Terminally ill defended the right to life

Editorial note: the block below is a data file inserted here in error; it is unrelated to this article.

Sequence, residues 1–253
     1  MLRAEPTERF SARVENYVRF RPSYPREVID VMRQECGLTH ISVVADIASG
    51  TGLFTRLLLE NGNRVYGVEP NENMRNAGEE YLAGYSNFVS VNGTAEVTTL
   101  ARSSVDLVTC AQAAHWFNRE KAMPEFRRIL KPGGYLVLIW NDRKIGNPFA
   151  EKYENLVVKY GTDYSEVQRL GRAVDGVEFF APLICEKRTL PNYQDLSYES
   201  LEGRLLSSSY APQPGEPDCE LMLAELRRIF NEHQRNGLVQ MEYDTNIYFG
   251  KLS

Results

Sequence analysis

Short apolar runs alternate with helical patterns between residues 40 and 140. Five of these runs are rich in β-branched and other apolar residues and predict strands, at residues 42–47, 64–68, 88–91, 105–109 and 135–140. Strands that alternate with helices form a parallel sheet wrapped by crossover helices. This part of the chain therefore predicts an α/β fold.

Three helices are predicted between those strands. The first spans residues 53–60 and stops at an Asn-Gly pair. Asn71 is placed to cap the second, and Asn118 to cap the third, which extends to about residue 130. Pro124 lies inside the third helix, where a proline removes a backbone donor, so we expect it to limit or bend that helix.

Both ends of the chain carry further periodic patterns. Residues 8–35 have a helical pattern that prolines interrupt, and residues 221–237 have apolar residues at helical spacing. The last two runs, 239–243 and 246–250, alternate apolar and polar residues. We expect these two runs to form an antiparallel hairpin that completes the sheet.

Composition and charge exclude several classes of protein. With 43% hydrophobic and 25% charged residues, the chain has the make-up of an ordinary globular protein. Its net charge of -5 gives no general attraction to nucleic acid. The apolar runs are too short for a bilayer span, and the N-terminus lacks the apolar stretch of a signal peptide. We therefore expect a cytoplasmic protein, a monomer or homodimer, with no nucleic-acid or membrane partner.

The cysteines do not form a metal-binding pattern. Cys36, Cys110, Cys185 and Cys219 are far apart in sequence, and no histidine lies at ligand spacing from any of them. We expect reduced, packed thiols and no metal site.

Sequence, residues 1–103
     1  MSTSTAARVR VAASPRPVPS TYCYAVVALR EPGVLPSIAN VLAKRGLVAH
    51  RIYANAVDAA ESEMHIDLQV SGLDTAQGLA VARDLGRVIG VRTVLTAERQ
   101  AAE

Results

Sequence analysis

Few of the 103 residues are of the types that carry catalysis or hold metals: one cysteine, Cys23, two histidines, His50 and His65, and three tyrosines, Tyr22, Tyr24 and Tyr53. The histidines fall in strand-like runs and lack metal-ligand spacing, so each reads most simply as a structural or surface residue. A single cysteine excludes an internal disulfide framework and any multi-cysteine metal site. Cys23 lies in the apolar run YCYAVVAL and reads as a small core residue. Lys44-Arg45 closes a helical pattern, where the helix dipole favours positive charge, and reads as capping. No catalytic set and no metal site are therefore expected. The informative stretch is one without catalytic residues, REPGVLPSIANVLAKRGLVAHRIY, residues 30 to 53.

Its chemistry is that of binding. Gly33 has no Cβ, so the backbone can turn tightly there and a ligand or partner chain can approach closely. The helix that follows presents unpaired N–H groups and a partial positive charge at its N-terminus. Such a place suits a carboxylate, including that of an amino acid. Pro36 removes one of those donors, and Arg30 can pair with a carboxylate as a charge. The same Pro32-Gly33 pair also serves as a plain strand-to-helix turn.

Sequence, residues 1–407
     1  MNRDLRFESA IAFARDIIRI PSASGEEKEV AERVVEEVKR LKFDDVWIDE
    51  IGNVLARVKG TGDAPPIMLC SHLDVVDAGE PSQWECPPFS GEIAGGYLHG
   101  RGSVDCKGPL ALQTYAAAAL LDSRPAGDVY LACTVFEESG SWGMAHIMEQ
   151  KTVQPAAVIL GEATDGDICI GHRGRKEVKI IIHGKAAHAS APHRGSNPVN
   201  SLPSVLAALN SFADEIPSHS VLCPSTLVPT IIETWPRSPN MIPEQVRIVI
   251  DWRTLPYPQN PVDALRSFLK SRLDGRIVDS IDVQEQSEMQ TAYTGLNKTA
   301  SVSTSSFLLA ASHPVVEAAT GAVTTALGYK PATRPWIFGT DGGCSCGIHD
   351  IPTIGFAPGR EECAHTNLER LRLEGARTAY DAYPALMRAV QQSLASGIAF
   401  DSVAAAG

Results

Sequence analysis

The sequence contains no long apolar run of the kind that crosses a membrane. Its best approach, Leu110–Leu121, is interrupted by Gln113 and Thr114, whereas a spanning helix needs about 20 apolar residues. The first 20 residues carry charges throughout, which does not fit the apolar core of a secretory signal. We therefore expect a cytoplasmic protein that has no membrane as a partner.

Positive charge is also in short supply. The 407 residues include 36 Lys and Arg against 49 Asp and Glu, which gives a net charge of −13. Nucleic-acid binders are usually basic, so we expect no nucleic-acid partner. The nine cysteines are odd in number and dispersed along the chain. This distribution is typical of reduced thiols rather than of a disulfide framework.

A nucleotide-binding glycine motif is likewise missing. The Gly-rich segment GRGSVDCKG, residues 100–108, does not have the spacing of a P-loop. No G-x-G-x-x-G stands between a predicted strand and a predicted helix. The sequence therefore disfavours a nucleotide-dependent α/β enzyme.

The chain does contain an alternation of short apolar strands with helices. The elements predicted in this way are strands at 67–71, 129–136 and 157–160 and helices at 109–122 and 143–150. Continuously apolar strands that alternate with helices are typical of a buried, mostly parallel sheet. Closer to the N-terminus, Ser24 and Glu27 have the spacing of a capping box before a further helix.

Terminally ill defended the right to lifeThe incurably sick Englishman Leslie Burk won the case against the General medical Council of the UK and thus has defended their right to life. A few years ago Burke was terrifying diagnosis - cerebral ataxia, i.e. the final stage of underdevelopment of the brain. This disease can cause the inability of the patient to communicate with the outside world and to inform doctors and family about his health. According to the English laws, in such cases, doctors may decide whether it makes sense to continue treatment of the patient or he should get only the so-called 'palliative' treatment, that is, in fact, 'be prepared' to a peaceful and painless death. However, in this case, the patient asked the doctors to continue treatment and expressed their readiness to defend their right to life in court. During the trial, lawyers for Burke advocated for policy changes to the General medical Council, which, in their opinion, had to oblige doctors to consider that, regardless of the current condition of the patient, the patient wants to live and to continue the assigned treatment. Thus doctors could not rely on the wishes of patients regarding their future. At the hearing it was also noted that the doctor must first pay attention to the patient's right to refuse treatment, and not on the right to request to continue the course of treatment. Now, in many such cases, the patient literally denied food and water, which leads to death, while death was not inevitable. Such decisions are based on the inability of the patient to clearly Express their desire to further their destiny. The court found the requirements side Burka fair and acknowledged his right to continuation of treatment. Thus was created a unique precedent, which, according to doctors and lawyers, will completely change the attitude to the terminally ill. Now it will initially be assumed that the patient wishes to continue the treatment, but it has the right to refuse it. "The question of termination or continuation of treatment of a dying or seriously ill person is one of the most difficult and important decisions ever taken by the doctor," said Dr Michael Wilks, Chairman of the Association of health care in the UK. And, taking it, he is obliged to give them the maximum chance of survival.' KM.RU: Health.



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